Saturday, May 27, 2006

Life Liberated

4am Saturday night and I am startled out of my sleep. I lie there, in wait, expecting to hear a crash of lightening, a burglar snap the cast-iron bars and burst through my window —something loud and definitive.

But, nothing more than a rustle of leaves...
The early rain was good for the air and the neighborhood. A strange, cool breeze prevails.

And then she begins. I hear the woman’s staccato cries of pleasure. They’re lusty and clear and ring out against the sides of the buildings that surround my garden. I’m repulsed… then intrigued. I push myself up in bed, resting on my forearms, not sure if I hope for her to continue or end.

Her lover wills her to carry on and my opinion is null and void—silent and distant and tucked beneath a silk coverlet and feather bed. The moans and screams continue.

“Will you two shut up? Do ya’ hear me? Shut up!” a man from a neighboring building yells through his screen, out into the Saturday night air. His angry voice and heart-rate are wasted.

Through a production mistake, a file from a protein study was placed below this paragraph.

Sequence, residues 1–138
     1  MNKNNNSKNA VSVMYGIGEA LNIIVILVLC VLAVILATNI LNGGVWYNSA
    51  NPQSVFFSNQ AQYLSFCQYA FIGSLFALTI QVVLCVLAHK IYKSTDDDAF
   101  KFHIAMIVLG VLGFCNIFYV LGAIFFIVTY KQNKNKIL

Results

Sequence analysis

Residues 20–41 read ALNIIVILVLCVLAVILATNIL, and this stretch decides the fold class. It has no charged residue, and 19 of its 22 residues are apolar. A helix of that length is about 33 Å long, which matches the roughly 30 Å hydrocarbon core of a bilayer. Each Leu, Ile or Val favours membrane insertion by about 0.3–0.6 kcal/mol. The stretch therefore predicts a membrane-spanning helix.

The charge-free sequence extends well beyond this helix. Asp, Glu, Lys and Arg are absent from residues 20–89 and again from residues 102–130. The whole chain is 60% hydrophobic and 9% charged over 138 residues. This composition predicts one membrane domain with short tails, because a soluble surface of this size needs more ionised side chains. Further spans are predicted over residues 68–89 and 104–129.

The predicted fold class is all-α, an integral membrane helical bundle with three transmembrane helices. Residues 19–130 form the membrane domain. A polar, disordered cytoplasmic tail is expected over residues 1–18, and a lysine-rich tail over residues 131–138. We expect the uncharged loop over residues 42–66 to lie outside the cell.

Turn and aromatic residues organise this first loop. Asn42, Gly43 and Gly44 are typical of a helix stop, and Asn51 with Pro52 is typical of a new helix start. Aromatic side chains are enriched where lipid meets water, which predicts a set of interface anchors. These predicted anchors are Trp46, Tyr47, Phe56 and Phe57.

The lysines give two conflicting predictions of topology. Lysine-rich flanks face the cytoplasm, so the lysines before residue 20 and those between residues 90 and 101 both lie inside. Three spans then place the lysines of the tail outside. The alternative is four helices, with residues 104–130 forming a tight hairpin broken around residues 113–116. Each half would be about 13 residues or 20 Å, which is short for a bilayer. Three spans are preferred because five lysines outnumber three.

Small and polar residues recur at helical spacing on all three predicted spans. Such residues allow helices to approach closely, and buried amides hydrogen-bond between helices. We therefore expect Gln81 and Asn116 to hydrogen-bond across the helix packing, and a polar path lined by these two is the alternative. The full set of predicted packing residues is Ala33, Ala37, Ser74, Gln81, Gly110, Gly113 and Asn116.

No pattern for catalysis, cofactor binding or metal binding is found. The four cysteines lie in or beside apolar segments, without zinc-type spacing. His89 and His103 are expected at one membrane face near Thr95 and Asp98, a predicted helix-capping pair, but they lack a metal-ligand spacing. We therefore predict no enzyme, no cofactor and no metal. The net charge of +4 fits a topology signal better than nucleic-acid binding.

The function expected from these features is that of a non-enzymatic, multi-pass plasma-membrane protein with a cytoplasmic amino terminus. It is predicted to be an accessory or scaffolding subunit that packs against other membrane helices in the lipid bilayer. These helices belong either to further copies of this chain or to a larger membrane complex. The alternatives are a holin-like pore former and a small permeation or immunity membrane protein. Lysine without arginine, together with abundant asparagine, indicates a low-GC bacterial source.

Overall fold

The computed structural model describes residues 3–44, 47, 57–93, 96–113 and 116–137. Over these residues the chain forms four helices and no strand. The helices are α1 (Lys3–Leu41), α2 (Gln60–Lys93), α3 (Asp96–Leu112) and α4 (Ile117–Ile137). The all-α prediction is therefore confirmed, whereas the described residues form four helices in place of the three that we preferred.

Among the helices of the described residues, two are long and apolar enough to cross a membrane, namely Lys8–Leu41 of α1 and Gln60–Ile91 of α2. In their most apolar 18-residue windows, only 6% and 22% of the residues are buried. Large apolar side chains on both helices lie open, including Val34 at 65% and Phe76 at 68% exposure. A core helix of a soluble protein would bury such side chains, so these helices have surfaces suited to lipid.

The couple keeps the pace. Nothing is done out of spite—the sincerity of her moans tell me this—for they’re in a separate world of naked skin, closed eyes, darkened rooms. Somehow, I’m happy for them—the twilight noise nothing more than another eccentric quality of my SoHo.

This is who I’ve become. Slowly, slowly New York has made me more accepting, indulgent, laissez-fair to the whims and qualities of strangers. The South (the South where I was raised, anyway) lacked tolerance. As I grew older and moved away from the pack (and the debutante, cotillion and mardi gras dances), the judgements hightened. Coffee and tea hour after the Sunday service was a catfight of gossip, rumors and jealousy.

To this, I say, keep your sanctimony and burned coffee. I'm doing just fine with a dirty martini and a taste of the liberated life.

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